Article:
The Open UniversitySkip to content

Particular issues of public health: vaccination

Pywell, Stephanie (2001). Particular issues of public health: vaccination. In: Martin, Robyn and Johnson, Linda eds. Law and the Public Dimension of Health. London: Cavendish Publishing, pp. 299–327.

Full text available as:
PDF (Accepted Manuscript) - Requires a PDF viewer such as GSview, Xpdf or Adobe Acrobat Reader
Download (223kB) | Preview
Google Scholar: Look up in Google Scholar


Public health measures vary greatly in their impact upon individuals. Some measures such as sanitation and water filtration are imposed upon whole populations without adverse effect. Medical interventions such as breast cancer screening are transiently uncomfortable but not invasive. Cervical smear tests are invasive but have no known lasting effects. Other public health measures such as water fluoridation may affect individual recipients, and the dilemma for those responsible for determination of public policy is the extent to which public health benefits justify individual risks. Vaccination is invasive, and involves the administration of pharmaceuticals to people who are well. The benefits of vaccines are prospective and to some extent speculative, and there is concern that they may occasionally have serious permanent adverse effects upon those who receive them.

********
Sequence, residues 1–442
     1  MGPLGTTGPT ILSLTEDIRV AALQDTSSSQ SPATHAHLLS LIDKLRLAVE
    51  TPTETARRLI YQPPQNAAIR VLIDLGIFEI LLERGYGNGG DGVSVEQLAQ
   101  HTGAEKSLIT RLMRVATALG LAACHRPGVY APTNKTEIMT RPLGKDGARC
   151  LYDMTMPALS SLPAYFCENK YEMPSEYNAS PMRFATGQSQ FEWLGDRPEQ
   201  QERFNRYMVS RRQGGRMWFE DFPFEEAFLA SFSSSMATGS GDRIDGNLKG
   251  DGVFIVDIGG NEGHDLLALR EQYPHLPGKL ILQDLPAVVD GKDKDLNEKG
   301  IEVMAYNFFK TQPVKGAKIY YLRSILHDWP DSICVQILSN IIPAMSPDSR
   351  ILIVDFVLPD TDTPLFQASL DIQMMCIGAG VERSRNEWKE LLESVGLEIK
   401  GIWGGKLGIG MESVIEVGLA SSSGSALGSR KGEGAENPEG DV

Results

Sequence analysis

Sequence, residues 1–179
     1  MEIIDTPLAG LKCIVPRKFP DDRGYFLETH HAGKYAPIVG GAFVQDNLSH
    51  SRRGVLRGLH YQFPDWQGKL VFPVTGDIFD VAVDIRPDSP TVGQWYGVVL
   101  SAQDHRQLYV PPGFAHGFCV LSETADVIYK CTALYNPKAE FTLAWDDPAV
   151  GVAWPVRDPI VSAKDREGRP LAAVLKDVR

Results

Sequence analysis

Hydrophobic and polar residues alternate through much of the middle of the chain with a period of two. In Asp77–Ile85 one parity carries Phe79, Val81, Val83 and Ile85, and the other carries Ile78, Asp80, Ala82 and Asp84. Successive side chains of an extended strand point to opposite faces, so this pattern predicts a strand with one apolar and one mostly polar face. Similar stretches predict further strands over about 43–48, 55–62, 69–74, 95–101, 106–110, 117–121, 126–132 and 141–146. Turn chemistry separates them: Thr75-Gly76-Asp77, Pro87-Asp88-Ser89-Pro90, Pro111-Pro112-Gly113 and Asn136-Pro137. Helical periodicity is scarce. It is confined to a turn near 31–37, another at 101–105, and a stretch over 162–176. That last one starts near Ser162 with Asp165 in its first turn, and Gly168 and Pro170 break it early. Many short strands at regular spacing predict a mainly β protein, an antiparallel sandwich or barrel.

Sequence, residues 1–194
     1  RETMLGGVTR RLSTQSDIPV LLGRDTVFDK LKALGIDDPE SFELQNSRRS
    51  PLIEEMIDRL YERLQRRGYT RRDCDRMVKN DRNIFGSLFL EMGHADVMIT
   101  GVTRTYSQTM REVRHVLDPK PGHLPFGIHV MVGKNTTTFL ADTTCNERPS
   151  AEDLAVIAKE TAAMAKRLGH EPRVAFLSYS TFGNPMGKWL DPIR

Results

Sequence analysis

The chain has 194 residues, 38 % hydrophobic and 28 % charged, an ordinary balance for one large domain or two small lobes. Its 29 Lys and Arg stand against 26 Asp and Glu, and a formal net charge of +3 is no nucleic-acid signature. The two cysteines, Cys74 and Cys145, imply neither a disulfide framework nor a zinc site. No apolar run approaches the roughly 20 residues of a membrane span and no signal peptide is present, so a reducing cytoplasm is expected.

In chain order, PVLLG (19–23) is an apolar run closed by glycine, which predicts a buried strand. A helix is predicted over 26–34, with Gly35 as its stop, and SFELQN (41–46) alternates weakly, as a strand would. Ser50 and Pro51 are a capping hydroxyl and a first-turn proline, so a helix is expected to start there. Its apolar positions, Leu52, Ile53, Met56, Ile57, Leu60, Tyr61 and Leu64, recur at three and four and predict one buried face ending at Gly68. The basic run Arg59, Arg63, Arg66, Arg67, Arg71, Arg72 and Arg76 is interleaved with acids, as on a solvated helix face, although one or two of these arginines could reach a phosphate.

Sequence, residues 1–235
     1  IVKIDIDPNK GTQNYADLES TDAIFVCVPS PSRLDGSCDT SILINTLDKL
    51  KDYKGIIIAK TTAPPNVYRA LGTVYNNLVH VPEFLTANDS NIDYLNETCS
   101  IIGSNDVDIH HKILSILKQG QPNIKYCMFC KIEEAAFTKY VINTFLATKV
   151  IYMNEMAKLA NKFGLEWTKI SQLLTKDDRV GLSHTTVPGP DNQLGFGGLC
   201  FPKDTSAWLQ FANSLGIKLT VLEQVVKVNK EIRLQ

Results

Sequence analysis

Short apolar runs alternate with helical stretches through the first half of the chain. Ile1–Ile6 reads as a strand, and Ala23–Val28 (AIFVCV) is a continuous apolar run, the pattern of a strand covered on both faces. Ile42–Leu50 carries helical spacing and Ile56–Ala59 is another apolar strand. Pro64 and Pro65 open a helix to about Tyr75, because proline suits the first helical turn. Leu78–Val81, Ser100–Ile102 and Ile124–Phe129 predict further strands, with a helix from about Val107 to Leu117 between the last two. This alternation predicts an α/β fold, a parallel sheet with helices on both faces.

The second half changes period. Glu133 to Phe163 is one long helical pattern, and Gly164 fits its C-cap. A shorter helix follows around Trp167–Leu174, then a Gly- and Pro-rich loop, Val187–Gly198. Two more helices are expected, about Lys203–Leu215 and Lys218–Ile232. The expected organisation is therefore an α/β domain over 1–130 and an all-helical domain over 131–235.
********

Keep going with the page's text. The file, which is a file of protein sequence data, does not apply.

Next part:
Item Type: Book Section
Copyright Holders: 2001 Martin, R and Johnson, L
ISBN: 1-85941-652-7, 978-1-85941-652-5
Keywords: infant vaccination; ethics; costs and benefits; legal redress
Academic Unit/School: Faculty of Business and Law (FBL) > Law
Faculty of Business and Law (FBL)
Related URLs:
Item ID: 43531
Depositing User: Stephanie Pywell
Date Deposited: 25 Jun 2015 09:40
Last Modified: 07 Dec 2018 22:31
Share this page:

Download history for this item

These details should be considered as only a guide to the number of downloads performed manually. Algorithmic methods have been applied in an attempt to remove automated downloads from the displayed statistics but no guarantee can be made as to the accuracy of the figures.

Actions (login may be required)

Policies | Disclaimer

© The Open University   contact the OU